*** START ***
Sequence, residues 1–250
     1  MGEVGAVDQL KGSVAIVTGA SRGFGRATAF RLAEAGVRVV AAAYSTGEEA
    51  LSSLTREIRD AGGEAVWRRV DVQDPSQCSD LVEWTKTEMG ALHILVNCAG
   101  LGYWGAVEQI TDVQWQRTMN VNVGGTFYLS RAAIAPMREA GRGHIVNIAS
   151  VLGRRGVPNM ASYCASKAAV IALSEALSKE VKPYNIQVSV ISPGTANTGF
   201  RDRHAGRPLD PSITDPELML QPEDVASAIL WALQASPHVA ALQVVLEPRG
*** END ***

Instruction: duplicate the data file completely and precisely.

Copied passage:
Sequence, residues 1–250
     1  MGEVGAVDQL KGSVAIVTGA SRGFGRATAF RLAEAGVRVV AAAYSTGEEA
    51  LSSLTREIRD AGGEAVWRRV DVQDPSQCSD LVEWTKTEMG ALHILVNCAG
   101  LGYWGAVEQI TDVQWQRTMN VNVGGTFYLS RAAIAPMREA GRGHIVNIAS
   151  VLGRRGVPNM ASYCASKAAV IALSEALSKE VKPYNIQVSV ISPGTANTGF
   201  RDRHAGRPLD PSITDPELML QPEDVASAIL WALQASPHVA ALQVVLEPRG